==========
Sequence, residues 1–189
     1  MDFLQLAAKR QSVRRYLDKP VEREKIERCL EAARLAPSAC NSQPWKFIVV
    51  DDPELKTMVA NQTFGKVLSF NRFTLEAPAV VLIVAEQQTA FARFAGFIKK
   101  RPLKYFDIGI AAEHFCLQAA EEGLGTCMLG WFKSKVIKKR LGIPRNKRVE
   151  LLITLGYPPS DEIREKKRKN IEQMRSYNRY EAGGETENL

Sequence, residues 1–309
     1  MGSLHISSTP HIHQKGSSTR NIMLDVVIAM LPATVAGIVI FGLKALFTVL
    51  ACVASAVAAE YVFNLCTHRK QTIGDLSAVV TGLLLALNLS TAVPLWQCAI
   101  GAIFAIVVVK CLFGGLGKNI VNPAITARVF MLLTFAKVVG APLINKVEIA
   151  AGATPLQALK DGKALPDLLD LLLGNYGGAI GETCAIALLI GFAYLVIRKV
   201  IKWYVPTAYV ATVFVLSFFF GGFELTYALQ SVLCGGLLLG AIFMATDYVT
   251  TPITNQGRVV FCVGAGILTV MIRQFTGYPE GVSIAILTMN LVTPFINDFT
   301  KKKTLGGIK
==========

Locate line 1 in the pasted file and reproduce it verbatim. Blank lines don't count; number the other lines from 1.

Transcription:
Sequence, residues 1–189